As the reader can probably detect from our tone, we don’t much like the choice between these two alternatives. Our objections can be classified into three broad categories. As accounts of the general course of human history, they:
(1) simply aren’t true,
(2) have dire political implications, and
(3) make the past needlessly dull.
The Dawn of Everything is an attempt to begin to tell another, more hopeful, and more interesting story; one which, at the same time, takes better account of what the last few decades of research have taught us. Partly, this is a matter of bringing together evidence that has accumulated in archaeology, anthropology, and kindred disciplines; evidence that points toward a completely new account of how human societies developed over roughly the last 30,000 years. Almost all of this research goes against the familiar narrative, but too often the most remarkable discoveries remain confined to the work of specialists or have to be teased out by reading between the lines of scientific publications.
To give just a sense of how different the emerging picture is: It is clear now that human societies before the advent of farming were not confined to small, egalitarian bands. On the contrary, the world of hunter-gatherers as it existed before the coming of agriculture was one of bold social experiments, resembling a carnival parade of political forms, far more than it does the drab abstractions of evolutionary theory. Agriculture, in turn, did not mean the inception of private property, nor did it mark an irreversible step toward inequality. In fact, many of the first farming communities were relatively free of ranks and hierarchies. And far from setting class differences in stone, a surprising number of the world’s earliest cities were organized on robustly egalitarian lines, with no need for authoritarian rulers, ambitious warrior-politicians, or even bossy administrators.
In short, the prevalent “big picture” of human history—shared by modern-day followers of Hobbes and Rousseau alike—has almost nothing to do with the facts. But to begin making sense of the new information that’s now before our eyes, it is not enough to compile and sift vast quantities of data. A conceptual shift is also required.
To make that shift means retracing some of the initial steps that led to our modern notion of social evolution: the idea that human societies could be arranged according to stages of development, each with their own characteristic technologies and forms of organization (hunter-gatherers, farmers, urban-industrial society, and so on). Such notions have their roots in a conservative backlash against critiques of European civilization, which began to gain ground in the early decades of the 18th century.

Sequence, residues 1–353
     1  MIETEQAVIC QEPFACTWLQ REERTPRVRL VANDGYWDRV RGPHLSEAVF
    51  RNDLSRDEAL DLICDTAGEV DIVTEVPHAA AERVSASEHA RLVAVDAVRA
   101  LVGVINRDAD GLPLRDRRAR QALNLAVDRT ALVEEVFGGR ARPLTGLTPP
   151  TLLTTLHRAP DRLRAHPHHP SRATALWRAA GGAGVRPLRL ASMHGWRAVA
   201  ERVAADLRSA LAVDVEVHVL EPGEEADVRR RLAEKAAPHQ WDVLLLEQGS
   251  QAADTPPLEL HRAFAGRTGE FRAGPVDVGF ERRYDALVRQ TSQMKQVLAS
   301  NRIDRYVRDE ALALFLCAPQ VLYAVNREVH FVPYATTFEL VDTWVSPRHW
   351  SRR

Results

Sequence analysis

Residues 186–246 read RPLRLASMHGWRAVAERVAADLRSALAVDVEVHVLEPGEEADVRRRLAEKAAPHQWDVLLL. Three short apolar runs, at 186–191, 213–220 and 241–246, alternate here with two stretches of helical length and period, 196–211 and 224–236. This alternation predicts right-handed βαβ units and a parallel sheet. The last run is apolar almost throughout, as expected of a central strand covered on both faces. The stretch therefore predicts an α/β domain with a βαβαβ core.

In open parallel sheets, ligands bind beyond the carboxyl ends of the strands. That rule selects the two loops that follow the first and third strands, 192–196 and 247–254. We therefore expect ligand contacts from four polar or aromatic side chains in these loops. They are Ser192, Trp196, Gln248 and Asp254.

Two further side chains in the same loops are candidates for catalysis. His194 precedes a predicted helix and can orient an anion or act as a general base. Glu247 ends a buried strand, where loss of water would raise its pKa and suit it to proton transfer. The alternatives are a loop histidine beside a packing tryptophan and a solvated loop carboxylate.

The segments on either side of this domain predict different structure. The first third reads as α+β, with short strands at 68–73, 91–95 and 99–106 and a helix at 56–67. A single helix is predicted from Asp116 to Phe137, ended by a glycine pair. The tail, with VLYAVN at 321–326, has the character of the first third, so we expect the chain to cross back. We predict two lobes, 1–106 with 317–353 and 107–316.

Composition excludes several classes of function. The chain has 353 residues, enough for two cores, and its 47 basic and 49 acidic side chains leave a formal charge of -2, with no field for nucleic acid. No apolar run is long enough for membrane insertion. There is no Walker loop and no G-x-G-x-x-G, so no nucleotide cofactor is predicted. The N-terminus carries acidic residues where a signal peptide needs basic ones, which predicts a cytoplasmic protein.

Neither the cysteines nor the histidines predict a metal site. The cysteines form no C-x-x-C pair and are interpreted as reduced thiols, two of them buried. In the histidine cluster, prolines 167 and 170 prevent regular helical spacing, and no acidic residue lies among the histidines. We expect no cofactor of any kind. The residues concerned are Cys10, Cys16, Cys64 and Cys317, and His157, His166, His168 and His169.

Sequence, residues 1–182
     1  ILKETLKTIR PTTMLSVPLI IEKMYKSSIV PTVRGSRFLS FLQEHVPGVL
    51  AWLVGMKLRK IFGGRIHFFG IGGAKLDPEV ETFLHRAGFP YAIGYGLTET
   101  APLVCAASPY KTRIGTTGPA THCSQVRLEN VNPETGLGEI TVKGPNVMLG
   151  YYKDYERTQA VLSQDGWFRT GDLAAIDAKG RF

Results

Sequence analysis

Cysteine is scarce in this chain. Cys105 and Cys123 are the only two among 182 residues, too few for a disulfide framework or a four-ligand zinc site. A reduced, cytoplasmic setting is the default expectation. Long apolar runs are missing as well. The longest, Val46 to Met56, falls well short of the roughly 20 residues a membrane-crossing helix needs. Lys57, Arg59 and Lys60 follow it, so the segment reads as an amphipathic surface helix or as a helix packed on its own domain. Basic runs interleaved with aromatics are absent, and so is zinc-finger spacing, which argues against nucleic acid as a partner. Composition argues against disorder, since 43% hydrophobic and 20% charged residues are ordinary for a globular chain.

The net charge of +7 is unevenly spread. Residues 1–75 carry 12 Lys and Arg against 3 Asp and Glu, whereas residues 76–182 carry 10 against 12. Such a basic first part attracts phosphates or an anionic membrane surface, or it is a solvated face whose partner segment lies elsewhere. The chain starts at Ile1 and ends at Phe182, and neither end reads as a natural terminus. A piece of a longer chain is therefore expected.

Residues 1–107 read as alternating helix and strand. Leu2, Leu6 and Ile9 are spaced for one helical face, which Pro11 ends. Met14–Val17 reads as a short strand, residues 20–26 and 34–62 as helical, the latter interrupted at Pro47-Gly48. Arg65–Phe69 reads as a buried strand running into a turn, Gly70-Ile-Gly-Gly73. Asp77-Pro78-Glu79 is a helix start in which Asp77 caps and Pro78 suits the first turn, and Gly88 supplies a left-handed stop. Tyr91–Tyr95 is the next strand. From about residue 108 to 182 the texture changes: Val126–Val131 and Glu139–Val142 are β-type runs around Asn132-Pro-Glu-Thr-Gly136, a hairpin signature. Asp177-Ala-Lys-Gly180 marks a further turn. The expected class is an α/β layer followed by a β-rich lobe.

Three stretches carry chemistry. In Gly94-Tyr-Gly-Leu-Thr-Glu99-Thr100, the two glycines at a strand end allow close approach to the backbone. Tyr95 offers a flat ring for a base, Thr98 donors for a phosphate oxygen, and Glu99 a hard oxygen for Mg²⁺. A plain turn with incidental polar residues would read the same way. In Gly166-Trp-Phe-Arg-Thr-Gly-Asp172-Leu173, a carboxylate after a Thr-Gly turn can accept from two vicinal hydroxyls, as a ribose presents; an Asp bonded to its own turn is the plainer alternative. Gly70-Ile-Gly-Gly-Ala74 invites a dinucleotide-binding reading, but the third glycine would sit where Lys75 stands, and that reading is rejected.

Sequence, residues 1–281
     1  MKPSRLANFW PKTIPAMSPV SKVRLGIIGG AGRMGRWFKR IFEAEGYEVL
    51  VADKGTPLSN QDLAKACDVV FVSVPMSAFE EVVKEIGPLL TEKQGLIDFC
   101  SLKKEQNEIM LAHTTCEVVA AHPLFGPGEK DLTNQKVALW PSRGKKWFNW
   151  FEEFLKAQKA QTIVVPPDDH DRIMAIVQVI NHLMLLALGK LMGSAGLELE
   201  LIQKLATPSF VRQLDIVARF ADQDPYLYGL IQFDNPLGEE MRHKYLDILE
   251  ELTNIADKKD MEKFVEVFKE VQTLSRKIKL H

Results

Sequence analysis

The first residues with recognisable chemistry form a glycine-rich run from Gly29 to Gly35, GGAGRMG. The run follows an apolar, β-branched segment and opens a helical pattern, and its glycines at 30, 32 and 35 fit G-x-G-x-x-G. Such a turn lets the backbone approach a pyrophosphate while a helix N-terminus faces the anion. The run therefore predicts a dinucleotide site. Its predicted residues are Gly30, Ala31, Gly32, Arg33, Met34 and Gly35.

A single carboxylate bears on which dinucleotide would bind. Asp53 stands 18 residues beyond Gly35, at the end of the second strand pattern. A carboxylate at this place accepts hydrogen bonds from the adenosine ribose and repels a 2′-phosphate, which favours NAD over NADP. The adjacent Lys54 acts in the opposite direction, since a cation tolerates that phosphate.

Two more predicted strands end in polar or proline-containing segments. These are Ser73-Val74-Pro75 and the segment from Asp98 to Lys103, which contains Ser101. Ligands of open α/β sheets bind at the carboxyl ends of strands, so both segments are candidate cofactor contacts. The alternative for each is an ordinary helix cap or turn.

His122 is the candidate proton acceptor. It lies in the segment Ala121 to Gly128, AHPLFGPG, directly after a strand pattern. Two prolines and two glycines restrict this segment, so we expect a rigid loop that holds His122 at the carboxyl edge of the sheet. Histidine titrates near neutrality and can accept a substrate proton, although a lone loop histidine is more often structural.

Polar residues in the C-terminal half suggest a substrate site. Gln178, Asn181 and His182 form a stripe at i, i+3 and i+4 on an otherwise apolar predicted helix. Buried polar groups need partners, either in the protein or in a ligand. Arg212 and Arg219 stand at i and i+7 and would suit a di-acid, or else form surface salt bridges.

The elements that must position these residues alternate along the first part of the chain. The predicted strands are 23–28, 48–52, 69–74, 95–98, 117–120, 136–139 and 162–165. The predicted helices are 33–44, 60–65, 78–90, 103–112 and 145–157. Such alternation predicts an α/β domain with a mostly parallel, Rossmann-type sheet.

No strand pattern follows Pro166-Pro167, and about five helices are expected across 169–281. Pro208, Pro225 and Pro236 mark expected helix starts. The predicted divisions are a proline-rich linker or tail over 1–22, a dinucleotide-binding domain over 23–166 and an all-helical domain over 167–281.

The origins of that critique, however, lie not with the philosophers of the Enlightenment (much though they initially admired and imitated it), but with Indigenous commentators and observers of European society, such as the Native American (Huron-Wendat) statesman Kandiaronk. Revisiting what we will call the “Indigenous critique” means taking seriously contributions to social thought that come from outside the European canon, and in particular from those Indigenous peoples who Western philosophers tend to cast either in the role of history’s angels or its devils.
Since the financial crash of 2008, and the upheavals that followed, the question of inequality— and with it, the long-term history of inequality—have become major topics for debate. Something of a consensus has emerged among intellectuals and even, to some degree, the political classes that levels of social inequality have got out of hand, and that most of the world’s problems result, in one way or another, from an ever-widening gulf between the haves and the have-nots. Pointing this out is in itself a challenge to global power structures; at the same time, though, it frames the issue in a way that people who benefit from those structures can still find ultimately reassuring, since it implies no meaningful solution to the problem would ever be possible.
Debating inequality allows one to tinker with the numbers, argue about Gini coefficients and thresholds of dysfunction, readjust tax regimes or social welfare mechanisms, even shock the public with figures showing just how bad things have become (“Can you imagine? The richest 1 percent of the world’s population own 44 percent of the world’s wealth!”)—but it also allows one to do all this without addressing any of the factors that people actually object to about such “unequal” social arrangements: for instance, that some manage to turn their wealth into power over others, or that other people end up being told their needs are not important and their lives have no intrinsic worth. The last, we are supposed to believe, is just the inevitable effect of inequality, and inequality, the inevitable result of living in any large, complex, urban, technologically sophisticated society. Presumably it will always be with us. It’s just a matter of degree.